Birdwatching Opportunities Increase in Southwest Louisiana

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Birdwatching opportunities increase as the weather turns cooler, and Southwest Louisiana is a good place to catch sight of North American land birds as they head south to warmer climates on their annual migration. Here are some tips to ensure a great experience when birding in Southwest Louisiana courtesy of the Lake Charles/Southwest Louisiana Convention and Visitors Bureau.

Lindsey Janies Photography

Birdwatching opportunities increase as the weather turns cooler, and Southwest Louisiana is a good place to catch sight of North American land birds as they head south to warmer climates on their annual migration. Here are some tips to ensure a great experience when birding in Southwest Louisiana courtesy of the Lake Charles/Southwest Louisiana Convention and Visitors Bureau.

In a typical year, more than 400 different species can be spotted in this area, a true birders’ paradise. The area is located along two major migration routes for birds heading to and from Canada: the Central and the Mississippi Flyways. Among the 400 species observed during the fall and winter migration months are commonly recognized pelicans, herons, egrets, ducks, geese, hawks, gulls, hummingbirds, cardinals and sparrows, along with lesser-known (but colorfully named) birds like the solitary sandpiper, the greater shearwater, the vermilion flycatcher, the Nashville warbler, the tropical parula and the flamingo-like roseate spoonbill.

The region’s flat ground and open water makes it easy to spot and photograph the birds. Good birdwatching spots include The Peveto Woods Sanctuary in Cameron Parish, the Rockefeller State Wildlife Refuge, Sabine National Wildlife Refuge’s Blue Goose Trail and Wetland Walkway, and Cameron Prairie National Wildlife Refuge’s Pintail Wildlife Drive. The Baton Rouge Audubon Society has preserved the unique habitat of Peveto Woods Sanctuary and established the first chenier sanctuary for migratory birds.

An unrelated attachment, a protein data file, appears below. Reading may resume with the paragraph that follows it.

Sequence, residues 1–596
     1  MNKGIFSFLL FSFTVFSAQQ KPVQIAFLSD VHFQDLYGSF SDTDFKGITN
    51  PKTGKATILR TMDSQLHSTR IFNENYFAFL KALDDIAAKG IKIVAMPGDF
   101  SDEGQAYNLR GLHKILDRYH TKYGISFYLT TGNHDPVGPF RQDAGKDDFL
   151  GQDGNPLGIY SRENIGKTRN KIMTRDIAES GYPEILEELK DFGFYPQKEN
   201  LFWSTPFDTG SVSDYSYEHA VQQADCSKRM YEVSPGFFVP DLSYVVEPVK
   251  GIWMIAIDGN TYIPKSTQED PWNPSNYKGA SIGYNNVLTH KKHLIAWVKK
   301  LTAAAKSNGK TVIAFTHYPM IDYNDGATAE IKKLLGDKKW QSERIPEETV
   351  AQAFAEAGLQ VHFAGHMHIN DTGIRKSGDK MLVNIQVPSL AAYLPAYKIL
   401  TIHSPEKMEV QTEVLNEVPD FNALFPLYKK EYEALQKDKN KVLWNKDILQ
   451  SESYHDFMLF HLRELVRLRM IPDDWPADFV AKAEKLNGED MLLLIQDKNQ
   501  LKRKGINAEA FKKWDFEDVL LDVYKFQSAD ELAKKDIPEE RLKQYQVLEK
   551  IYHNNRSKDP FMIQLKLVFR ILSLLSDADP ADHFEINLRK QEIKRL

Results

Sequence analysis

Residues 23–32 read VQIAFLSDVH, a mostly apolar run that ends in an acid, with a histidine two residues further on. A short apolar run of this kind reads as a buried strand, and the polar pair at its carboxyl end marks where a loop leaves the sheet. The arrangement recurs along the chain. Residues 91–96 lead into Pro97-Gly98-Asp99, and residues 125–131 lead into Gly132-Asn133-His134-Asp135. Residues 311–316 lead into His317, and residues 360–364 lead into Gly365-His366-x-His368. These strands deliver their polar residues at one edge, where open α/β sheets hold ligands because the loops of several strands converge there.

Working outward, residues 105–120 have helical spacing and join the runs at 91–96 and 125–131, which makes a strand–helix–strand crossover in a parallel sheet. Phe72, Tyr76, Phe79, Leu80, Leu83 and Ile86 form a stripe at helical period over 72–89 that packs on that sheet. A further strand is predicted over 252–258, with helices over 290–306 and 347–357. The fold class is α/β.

Another birding hotspot is Grosse Savanne Eco-Tours, which offers virtually unlimited access to a multitude of various ecotypes including both fresh and salt water marshes, cypress swamps, native coastal prairies and agricultural lands with the perfect environment for birding and wildlife/nature viewing. The tour company offer tours in their rookeries and throughout their 50,000 acres of privately managed property.

It doesn’t matter what time of year people visit, one will find birds there. However, the fall migration, which begins in October, brings in a number of migratory waterfowl. Plenty of waterfowl and wading birds can be seen along the Creole Nature Trail All-American Road, also known as Louisiana’s Outback. The more than 180-mile road loops from Sulphur to Lake Charles.

No longer a best-kept secret, the trail has been named among the Top 40 Birding Spots in North America by Wildbird Magazine and has been proclaimed as one of the Top 10 Birding Destinations in the country. Southwest Louisiana’s Gulf Coast Birding Club has an active membership that takes field trips throughout the year.

For more information about the Creole Nature Trail, visit http://www.creolenaturetrail.org. For help in planning a trip or for a free Southwest Louisiana Birding Guide, visit http://www.visitlakecharles.org or call (800) 456-7952.

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Colten Miller
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